Korea officially requests U.S. to mediate Seoul-Tokyo dispute

2019.11.04 13:39:32 | 2019.11.04 15:07:15

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The South Korean government asked the United States to play an active role in improving the soured relations between Korea and Japan as the diplomatic tensions of the two neighboring countries are showing no sign of abating.

The Ministry of Foreign Affairs confirmed that deputy foreign minister Yoon Soon-gu met with David Stilwell, the U.S. assistant secretary of state for East Asia and Pacific Affairs, on the sidelines of the East Asia Summit on Saturday to discuss the current issues surrounding the U.S.-Korea alliance and trilateral relations of the U.S., Korea and Japan.

At the meeting, Yoon explained his counterpart Stilwell the Korean government’s efforts to seek solutions to mend its relations with Japan through dialogue and formally asked the U.S. to play a role in mediating the dispute between the two neighboring countries, according to the foreign ministry.

Deputy Foreign Minister Yoon Soon-gu (left) and David Stilwell, the U.S. assistant secretary of state for East Asian and Pacific affairs, posing for photos at East Asia Summit in Bangkok on Nov. 2, 2019. [Photo provided by the Ministry of Foreign Affairs]이미지 확대

Deputy Foreign Minister Yoon Soon-gu (left) and David Stilwell, the U.S. assistant secretary of state for East Asian and Pacific affairs, posing for photos at East Asia Summit in Bangkok on Nov. 2, 2019. [Photo provided by the Ministry of Foreign Affairs]

The bilateral ties between Seoul and Tokyo have deteriorated rapidly since the Japanese government restricted Korea-bound shipments in July of three high-tech materials used for manufacturing chips and displays, Korea’s main export items, in what Seoul believes a retaliatory action against Korean Supreme Court’s rulings ordering Japanese firms to compensate wartime forced laborers.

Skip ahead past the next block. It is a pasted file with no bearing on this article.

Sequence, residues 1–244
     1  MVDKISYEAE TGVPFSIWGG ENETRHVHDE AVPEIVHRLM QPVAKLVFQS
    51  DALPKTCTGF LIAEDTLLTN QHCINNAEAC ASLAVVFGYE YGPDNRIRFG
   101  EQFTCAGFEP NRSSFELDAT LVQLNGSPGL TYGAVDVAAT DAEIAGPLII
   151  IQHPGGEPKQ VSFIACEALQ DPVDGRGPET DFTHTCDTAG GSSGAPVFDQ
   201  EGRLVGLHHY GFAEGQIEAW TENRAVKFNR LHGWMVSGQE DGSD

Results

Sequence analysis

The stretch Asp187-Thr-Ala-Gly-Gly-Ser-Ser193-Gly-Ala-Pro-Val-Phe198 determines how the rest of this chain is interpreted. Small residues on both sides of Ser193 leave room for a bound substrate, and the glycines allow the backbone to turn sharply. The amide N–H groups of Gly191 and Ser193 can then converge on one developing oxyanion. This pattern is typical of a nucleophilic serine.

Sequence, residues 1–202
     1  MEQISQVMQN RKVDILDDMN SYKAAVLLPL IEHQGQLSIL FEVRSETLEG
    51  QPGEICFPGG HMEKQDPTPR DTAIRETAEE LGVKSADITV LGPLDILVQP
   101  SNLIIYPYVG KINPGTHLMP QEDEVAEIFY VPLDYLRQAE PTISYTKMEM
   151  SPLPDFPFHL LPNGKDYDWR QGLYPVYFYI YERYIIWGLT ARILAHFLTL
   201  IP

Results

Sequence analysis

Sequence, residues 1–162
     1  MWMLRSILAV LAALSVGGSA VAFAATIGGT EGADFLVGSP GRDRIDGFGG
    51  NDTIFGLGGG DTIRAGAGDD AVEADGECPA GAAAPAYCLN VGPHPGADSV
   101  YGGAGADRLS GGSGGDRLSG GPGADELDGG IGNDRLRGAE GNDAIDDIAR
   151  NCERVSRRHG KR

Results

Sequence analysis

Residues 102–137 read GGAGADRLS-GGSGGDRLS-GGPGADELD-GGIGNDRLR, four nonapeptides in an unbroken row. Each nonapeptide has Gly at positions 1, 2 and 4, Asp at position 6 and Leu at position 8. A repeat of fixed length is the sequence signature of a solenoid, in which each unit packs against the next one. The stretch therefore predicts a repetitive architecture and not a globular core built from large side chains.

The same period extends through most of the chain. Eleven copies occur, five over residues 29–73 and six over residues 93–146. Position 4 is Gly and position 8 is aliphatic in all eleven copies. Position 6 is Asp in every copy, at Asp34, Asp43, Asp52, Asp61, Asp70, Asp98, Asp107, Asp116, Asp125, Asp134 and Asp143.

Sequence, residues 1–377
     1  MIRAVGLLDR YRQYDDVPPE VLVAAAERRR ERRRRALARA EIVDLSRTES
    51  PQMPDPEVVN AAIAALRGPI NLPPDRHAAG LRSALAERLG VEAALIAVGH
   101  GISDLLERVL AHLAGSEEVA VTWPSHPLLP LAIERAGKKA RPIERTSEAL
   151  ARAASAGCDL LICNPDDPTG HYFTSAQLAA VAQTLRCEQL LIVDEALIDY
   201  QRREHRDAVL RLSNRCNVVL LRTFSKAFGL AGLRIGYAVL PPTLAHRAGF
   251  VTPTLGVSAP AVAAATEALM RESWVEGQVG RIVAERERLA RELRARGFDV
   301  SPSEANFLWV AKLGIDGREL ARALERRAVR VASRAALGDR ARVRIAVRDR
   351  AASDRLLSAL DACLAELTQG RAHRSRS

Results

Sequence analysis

Amid escalating tit-for-tat move, the two countries removed each other from their own list of trusted allies enjoying fast-track shipment procedures. In August, Seoul also announced it would end the General Security of Military Information Agreement (GSOMIA), a military intelligence-sharing pact with Tokyo, unless Japan drops its trade controls. The agreement, first signed in 2016 and renewed annually unless one side informs the other 90 days in advance of plans to end the deal, is set to expire on Nov. 23.

Meanwhile, South Korean President Moon Jae-in held a brief 11-minute tete-a-tete with Japanese Prime Minister Shinzo Abe in the sidelines of ASEAN-related summit meeting in Bangkok. Moon did not get a private moment with Abe during G20 Summit held in Osaka in June amid standoff over the wartime labor issue.

By Kim Sung-hoon and Choi Mira

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